War On Drugs Effects

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The War on Drugs directly impacts the life of almost every American. The program began as a fight against drug abuse and the spread of dangerous operations including and related to drug trafficking into American cities. Each new president, for the most part, has continued the programs of their predecessors. The naissance of the government’s anti-drug program began under the presidency of Richard Nixon. He set the ball in motion by classifying marijuana as a Schedule 1 drug and by directing his government agencies to target black social activists. President Gerald Ford stoked the flames by pushing for and achieving mandatory minimum sentences for drug related crimes in many states. President Ronald Reagan’s administration sullied Nancy Reagan’s …show more content…
A program known as COINTELPRO was used to survey and suppress the movement of many black civil rights organizations and leaders (Jalon). Law enforcement institutions were used as arrest and imprison black civil rights activists and leaders in order to jeopardize their success. Whether or not the insidious vein of that rumor is true, the victims, so to speak, of early War on Drugs during Nixon’s presidency were African-American. In the same year that Nixon became the President, Martin Luther King Jr. was assassinated, the Civil Rights Act of 1968 was passed (under Johnson a few months before the 1968 election), Black Power activists protested while they received Olympic gold and bronze, and the largest high school student strike of all history occurred in Los Angeles. It is certainly safe to say that racial tensions were at a peak beginning around the mid-1960s and the presidency of Richard …show more content…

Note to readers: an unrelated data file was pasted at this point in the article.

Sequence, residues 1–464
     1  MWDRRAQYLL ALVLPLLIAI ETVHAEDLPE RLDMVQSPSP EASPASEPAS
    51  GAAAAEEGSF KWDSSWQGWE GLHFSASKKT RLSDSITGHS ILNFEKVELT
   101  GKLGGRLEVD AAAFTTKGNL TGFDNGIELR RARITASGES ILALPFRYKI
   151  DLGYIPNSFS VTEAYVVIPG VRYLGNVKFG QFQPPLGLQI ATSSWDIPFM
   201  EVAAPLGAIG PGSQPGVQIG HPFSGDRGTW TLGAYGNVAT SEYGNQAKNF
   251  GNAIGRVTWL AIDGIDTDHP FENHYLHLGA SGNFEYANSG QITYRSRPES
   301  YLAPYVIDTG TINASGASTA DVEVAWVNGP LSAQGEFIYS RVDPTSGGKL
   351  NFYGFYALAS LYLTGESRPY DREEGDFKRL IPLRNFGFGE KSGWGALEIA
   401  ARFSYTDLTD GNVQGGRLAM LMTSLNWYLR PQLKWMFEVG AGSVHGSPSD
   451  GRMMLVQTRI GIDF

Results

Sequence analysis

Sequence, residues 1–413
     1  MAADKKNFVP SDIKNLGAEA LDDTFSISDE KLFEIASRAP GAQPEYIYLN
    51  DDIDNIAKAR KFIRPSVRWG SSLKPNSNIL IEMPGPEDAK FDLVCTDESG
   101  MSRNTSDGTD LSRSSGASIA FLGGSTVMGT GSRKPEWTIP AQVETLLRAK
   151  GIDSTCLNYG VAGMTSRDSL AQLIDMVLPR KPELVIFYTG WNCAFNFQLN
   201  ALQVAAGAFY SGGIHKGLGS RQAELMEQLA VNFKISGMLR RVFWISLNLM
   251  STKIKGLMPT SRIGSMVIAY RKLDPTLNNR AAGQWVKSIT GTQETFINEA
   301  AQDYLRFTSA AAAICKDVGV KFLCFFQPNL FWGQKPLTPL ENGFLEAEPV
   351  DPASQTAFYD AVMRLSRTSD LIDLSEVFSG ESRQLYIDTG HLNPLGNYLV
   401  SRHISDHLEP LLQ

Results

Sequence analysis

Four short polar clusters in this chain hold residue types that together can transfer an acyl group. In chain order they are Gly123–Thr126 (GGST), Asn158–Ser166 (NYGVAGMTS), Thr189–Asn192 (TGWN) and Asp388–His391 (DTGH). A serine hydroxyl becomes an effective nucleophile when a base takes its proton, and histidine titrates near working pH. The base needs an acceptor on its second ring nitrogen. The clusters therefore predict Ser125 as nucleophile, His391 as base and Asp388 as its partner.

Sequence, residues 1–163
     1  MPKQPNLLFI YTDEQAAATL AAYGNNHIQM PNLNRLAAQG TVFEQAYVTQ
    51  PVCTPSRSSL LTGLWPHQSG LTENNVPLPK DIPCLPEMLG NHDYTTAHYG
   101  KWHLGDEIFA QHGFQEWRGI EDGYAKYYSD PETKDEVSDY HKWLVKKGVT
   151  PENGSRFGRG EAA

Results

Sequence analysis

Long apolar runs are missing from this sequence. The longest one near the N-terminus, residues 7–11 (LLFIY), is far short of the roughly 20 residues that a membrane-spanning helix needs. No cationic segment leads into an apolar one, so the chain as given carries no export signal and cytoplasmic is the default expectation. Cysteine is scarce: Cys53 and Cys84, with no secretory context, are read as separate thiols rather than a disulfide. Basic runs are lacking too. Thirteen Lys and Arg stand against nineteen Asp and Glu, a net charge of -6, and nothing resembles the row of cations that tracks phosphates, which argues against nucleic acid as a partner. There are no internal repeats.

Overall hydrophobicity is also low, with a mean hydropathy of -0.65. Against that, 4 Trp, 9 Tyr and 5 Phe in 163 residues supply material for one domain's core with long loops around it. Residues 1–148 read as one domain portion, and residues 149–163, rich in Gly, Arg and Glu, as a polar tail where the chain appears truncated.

Although he did win the presidency on a platform of marijuana decriminalization, backlash against counter-culture forced that to be axed from the docket. Ironically, a few of the years in which the Supreme Court heard the highest number of cases regarding illegal drugs were during the Carter Presidency (fig. 2). But in the grand scheme, the Supreme Court did not play a role at all in the War on Drugs; their rulings were all regarding specific breaches of Fourth Amendment

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